Wrong. He was arrested for not having the required tax stamp.
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Uhh, yes. He possessed it. That was the point. He didnt buy it and not pay the tax, he already owned it.
If he had registered it, the stamp would have been given to him, as was done with all the other folks who owned machine guns, SBR, sawed off shotguns, etc. Sorry, but your version of the facts does not coincide with the historical record. All NFA weapons which were properly registered did not require any payment. It was (and is) only when the weapon is transferred that the transfer tax must be paid.
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Goy any documentation?? Ive never heard that anywhere before, from either side. Even if that were true, it is still a punitive tax.
Really? Care to explain how my using the F-word on radio harms someone? Or how putting a picture of a woman having sex with a dog in the local newspaper harms others?
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LOL. Youd have to take that up with the FCC. Maybe you can get enough people to agree with you..yadda yadda. I wont broach the subject, because it involves morality and what many people consider obscenity as opposed to speech. Im not taking the bait. Thanks anyway. If you can demonstrate that those things are "speech", then start another thread on that topic. Id be very interested in reading that.
It is a living document because not only are new rights introduced but previously recognized rights are modified, expanded, revised, and so on. Just look at the growth of the 6th Amendment right to counsel.
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Well, Ok, you are welcome to your opinion. I do not agree. Im sure you will have something smart to say about that, too.
Speech is susceptable to content neutral time/place/manner restrictions (without regard to its "harmfulness"), it can be subject to permit fees, obscenity can be regulated, etc
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Obscenity is regulated because it is held to not be "speech". Permit Fees are [b]NOT[/b] Federal Taxes, and thus are outside this discussion, sorry. Im only talking about Federal level law.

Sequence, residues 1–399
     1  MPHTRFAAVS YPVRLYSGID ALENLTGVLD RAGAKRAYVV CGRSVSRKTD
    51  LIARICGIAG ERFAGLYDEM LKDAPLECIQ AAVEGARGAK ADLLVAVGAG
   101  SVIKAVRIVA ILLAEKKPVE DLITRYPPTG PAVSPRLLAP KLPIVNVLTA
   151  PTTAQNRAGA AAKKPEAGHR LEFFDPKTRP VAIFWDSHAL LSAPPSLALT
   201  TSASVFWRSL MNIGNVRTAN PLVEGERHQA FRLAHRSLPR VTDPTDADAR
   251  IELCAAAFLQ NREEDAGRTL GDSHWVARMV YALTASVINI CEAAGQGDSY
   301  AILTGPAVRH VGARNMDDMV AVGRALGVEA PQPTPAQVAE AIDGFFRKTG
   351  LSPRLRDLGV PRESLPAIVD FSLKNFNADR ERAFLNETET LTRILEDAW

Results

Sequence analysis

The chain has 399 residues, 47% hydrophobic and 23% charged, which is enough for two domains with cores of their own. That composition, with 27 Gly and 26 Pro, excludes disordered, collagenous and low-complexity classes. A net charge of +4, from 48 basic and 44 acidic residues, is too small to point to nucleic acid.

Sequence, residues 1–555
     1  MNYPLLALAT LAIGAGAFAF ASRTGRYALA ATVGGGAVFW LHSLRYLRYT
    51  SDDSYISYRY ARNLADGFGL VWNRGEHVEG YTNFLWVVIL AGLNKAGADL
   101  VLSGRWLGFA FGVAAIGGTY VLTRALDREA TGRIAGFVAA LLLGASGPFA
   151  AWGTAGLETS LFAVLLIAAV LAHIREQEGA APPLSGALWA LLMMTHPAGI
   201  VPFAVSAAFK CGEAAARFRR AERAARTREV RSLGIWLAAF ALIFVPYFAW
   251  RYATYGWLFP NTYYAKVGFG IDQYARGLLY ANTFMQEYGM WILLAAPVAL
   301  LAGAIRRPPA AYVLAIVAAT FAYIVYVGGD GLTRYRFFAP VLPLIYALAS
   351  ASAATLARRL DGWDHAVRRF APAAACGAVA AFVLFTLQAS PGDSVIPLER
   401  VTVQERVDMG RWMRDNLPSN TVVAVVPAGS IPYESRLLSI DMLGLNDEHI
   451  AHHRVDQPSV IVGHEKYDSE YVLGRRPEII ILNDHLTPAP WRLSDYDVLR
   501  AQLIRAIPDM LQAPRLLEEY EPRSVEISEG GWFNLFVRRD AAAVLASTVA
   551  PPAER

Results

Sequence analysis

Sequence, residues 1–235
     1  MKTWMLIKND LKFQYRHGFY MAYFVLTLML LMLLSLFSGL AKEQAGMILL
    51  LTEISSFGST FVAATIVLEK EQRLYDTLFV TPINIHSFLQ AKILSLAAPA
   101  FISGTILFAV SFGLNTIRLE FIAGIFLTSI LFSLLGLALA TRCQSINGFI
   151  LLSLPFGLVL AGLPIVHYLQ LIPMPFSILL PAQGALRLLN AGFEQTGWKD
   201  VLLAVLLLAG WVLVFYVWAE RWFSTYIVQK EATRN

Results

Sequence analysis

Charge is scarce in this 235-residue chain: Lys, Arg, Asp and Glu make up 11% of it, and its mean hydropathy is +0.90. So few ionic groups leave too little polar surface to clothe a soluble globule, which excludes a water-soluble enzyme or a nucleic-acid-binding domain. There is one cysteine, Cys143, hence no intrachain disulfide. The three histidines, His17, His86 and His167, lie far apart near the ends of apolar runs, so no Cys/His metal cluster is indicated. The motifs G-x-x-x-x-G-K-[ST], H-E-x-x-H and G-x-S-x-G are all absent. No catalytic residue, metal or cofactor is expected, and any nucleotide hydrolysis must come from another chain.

Link Posted: 6/7/2001 9:13:25 PM EST
>>Transfer or no, it still must be paid in order to possess that property.<< No. You must have a stamp to possess the property, but you only need to pay the tax whne the property is transferred. That is why there is a new $200 each time it is sold. If the -property was being taxed, you would not have to pay the fee each time the property is transferred. >>A Maxim silencer was $3. A $200 tax wasnt punitive? Millers shotgun was probably worth $5-10. A $200 tax wasnt punitive?<< Apparently not, judging by the huge number of tax stamps bought. >>All NFA weapons which were properly registered did not require any payment. It was (and is) only when the weapon is transferred that the transfer tax must be paid. -------------------------------------------------------------------------------- Goy any documentation?? Ive never heard that anywhere before, from either side. Even if that were true, it is still a punitive tax.<< For documentation, read the law. Tax is assessed upon transfer of the weapon. All weapons that were registerred under the act were grandfathered in and no fee was assessed. As to the tax being punitive, again that is a matter of personal interpretation. I don't find it punitive, and apparently thousands of full-auto owners don't either. >>Youd have to take that up with the FCC. Maybe you can get enough people to agree with you..<< Sorry, you are the one that made the claim. I merely presented a couple of examples that show your claim to be incorrect. >>Well, Ok, you are welcome to your opinion. I do not agree. Im sure you will have something smart to say about that, too.<< And yo are welcome to your opinion. That is the point. We all have opinions. But it is the law that we follow, not our own individual opinions. The law generally is a reflection of the opinions of most of the people, although there are notable exceptions. When enough people think your opinion is right, then it stands a good chance of becoming law and the whole country will then be obligated to follow it. Until then, we follow the law as it is presently written by the legislature and interpreted by the courts. That is the system established by the Founding Fathers through the Consitution.